WASHINGTON (Reuters) - States may receive more money from the U.S. government for the Medicaid program for the poor under the Senate Finance Committee chairman’s healthcare reform proposal released on Wednesday.
The $856 billion legislation, which may form the basis of compromise in the U.S. Congress on giving all Americans health coverage, would “increase federal Medicaid funding for states that cover recommended preventive services and immunizations at no extra cost,” according to a summary from Senator Max Baucus, a Democrat from Montana.
States pay for Medicaid and are reimbursed by the federal government.
The bill would also make those with incomes under 133 percent of the federal poverty level, equal to an income of $30,000 a year for a family of four, eligible for Medicaid coverage.
Some states have worried that would increase the number of Medicaid enrollees and hike up costs. But the U.S. government “would provide additional funding to states for services for newly eligible Medicaid beneficiaries,” according to the summary.
At the same time, states would be required to provide poor children with services in addition to those that come with Medicaid, but costs would be shared between the states and U.S. government as they are currently under the Children’s Health Insurance Program.
A key component of the plan — exchanges for enrolling in health insurance and finding public benefits — would be carried out at the state level. State-based Web “portals” would explain healthcare options to individuals based on their postal zip codes.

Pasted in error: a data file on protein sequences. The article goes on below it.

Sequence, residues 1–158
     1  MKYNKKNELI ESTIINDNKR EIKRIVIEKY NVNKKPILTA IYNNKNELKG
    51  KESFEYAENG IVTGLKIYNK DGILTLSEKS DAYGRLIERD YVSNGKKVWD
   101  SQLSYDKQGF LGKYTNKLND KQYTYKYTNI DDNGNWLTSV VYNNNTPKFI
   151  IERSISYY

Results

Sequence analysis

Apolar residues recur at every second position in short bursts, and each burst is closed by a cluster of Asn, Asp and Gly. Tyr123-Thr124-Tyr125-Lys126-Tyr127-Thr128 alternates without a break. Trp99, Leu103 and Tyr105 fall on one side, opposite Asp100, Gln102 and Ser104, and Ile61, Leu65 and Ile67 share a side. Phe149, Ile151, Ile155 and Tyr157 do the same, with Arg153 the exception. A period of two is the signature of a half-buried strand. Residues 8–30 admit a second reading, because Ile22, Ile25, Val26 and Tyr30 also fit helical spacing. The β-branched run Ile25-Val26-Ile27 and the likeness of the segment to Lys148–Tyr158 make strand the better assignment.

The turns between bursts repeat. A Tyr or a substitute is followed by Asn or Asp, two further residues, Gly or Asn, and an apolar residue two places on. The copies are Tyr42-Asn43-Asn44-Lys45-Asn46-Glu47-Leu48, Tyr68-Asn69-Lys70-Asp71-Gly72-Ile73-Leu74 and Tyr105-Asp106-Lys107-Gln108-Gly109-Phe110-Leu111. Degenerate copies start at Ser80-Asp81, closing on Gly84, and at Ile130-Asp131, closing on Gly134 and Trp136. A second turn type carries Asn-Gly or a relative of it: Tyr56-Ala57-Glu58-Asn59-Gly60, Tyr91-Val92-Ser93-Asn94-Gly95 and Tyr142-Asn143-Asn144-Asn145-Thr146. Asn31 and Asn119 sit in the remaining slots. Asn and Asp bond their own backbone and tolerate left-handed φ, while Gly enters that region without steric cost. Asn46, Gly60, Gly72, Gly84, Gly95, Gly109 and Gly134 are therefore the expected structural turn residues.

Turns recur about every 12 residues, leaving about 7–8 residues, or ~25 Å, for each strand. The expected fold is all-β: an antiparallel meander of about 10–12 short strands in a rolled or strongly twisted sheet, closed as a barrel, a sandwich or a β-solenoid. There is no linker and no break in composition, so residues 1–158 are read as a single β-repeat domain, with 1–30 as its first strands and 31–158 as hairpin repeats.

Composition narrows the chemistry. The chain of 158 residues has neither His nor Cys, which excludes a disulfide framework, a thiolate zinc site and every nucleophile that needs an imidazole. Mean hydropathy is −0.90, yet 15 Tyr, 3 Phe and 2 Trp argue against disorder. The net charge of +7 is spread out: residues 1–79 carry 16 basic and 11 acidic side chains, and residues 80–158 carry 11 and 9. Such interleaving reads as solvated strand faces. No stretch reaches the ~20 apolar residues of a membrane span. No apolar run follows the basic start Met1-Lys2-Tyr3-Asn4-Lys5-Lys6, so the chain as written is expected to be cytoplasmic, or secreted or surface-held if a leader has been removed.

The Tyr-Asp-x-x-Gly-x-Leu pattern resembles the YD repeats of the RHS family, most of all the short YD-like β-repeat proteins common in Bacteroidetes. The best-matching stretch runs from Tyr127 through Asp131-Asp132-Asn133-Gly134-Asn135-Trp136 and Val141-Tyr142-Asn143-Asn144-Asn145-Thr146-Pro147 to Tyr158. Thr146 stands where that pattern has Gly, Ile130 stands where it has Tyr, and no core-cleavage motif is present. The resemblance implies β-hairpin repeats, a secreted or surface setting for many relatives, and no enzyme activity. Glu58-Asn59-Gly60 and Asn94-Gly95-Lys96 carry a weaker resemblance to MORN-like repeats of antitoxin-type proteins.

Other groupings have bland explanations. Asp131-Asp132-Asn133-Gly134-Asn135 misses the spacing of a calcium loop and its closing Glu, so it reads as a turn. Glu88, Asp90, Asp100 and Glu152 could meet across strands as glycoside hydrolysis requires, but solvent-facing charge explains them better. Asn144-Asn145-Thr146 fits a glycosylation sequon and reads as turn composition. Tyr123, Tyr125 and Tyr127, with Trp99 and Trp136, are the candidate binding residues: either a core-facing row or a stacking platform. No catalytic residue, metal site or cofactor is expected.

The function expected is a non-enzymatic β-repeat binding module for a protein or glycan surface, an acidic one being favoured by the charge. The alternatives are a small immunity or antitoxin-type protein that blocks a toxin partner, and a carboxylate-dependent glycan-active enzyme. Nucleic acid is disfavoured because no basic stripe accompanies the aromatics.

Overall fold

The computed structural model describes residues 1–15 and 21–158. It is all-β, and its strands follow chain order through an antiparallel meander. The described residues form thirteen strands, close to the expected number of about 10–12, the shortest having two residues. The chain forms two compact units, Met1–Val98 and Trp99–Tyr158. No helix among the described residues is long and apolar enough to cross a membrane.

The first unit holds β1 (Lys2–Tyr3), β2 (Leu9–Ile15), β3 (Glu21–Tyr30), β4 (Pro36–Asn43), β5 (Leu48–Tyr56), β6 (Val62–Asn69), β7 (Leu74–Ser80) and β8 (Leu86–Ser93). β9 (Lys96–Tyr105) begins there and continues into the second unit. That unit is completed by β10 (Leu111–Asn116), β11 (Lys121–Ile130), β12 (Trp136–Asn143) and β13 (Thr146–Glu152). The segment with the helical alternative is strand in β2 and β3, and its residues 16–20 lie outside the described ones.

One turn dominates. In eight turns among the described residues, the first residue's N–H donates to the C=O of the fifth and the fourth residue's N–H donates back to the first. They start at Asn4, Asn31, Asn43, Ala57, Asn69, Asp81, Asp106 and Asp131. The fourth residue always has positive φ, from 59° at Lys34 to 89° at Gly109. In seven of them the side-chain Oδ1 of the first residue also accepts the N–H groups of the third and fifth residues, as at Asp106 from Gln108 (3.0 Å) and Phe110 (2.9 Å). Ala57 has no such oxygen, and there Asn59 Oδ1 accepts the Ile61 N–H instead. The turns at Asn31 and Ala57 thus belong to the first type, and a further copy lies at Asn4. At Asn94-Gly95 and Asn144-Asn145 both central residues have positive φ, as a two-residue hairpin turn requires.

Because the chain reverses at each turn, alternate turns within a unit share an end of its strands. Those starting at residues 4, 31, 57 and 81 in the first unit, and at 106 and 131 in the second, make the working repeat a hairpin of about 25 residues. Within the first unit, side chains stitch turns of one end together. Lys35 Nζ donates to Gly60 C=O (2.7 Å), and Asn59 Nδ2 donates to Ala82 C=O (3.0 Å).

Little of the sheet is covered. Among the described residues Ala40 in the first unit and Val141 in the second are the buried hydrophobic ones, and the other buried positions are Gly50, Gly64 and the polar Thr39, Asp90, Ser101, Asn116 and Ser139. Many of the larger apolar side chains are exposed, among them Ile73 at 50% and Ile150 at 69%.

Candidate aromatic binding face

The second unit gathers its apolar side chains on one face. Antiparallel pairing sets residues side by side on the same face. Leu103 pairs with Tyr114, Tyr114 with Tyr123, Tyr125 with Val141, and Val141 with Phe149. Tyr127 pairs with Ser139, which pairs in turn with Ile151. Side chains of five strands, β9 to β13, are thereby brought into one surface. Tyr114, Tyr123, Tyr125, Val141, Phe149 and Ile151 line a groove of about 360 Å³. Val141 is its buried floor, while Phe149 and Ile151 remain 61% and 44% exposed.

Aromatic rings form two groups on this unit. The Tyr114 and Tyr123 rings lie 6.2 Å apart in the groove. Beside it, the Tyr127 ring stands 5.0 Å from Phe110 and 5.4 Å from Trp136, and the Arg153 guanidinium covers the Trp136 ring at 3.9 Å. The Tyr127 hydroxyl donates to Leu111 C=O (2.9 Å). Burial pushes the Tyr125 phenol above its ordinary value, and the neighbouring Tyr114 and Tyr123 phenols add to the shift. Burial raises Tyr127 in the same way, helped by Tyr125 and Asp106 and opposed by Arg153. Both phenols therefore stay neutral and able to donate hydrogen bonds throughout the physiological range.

Since the U.S. Congress returned to work this month, a bipartisan group of legislators has been hammering out a plan for reforming healthcare. The group has stayed in contact with states about potential cost increases or “unfunded mandates,” when the federal government requires states to carry out programs but does not provide enough funding.
Some states are considering amending their constitutions to opt out of nation-wide healthcare.
Late Tuesday night, the Senate Finance Committee held a conference call with about 10 governors.
While a key Republican governor, Haley Barbour of Mississippi, was encouraged by the call, he said he was still worried about other provisions in the committee’s proposal.
“It is clear the Senators are trying to reduce or eliminate the unfunded mandate, and I appreciate their effort,” said Barbour, who chairs the Republican Governors Association, in a statement. “Nevertheless, Mississippi’s small businesses and our Medicare beneficiaries have too much at risk.”
Medicare, the healthcare program for senior citizens, is jointly administered by states and the federal government.
Speaking to reporters after the call, Baucus said the average increased costs to states under the proposed legislation would be 0.89 percent. Because the bill includes some costs savings, some states will come out ahead, he said.
“The additional burden on states is negligible,” he said.
Senator Kent Conrad, a Democrat from North Dakota, said the governors were satisfied with much of the legislation, but were concerned about insurance premiums under the plan.
“If there is one thing we have learned loud and clear all across our states is the concern with increasing cost of premiums,” he said.
Reporting by Lisa Lambert and Donna Smith; Editing by Andrea Ricci